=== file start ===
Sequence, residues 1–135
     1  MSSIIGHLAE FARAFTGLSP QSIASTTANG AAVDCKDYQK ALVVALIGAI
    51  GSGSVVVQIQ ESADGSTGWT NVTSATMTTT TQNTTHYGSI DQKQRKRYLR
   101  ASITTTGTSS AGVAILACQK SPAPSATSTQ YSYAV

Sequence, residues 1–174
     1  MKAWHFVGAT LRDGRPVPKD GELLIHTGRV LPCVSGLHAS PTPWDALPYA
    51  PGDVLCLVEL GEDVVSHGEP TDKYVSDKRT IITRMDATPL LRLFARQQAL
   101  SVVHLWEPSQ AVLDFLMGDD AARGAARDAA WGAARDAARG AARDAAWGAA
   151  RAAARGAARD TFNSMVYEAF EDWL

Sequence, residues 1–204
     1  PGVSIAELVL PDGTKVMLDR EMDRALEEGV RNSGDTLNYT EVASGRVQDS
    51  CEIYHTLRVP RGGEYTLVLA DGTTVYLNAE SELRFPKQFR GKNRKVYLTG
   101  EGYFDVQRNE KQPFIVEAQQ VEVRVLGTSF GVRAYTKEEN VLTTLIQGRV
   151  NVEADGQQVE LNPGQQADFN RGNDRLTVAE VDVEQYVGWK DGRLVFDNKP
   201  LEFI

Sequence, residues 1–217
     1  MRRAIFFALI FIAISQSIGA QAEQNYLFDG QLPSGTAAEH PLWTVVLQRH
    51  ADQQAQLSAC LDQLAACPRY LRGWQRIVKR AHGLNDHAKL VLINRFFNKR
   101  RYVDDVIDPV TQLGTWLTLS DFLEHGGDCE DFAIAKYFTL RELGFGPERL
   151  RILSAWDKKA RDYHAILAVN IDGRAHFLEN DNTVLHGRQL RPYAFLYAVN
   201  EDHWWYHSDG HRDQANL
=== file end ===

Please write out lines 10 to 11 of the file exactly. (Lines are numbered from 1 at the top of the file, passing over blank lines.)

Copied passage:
Sequence, residues 1–204
     1  PGVSIAELVL PDGTKVMLDR EMDRALEEGV RNSGDTLNYT EVASGRVQDS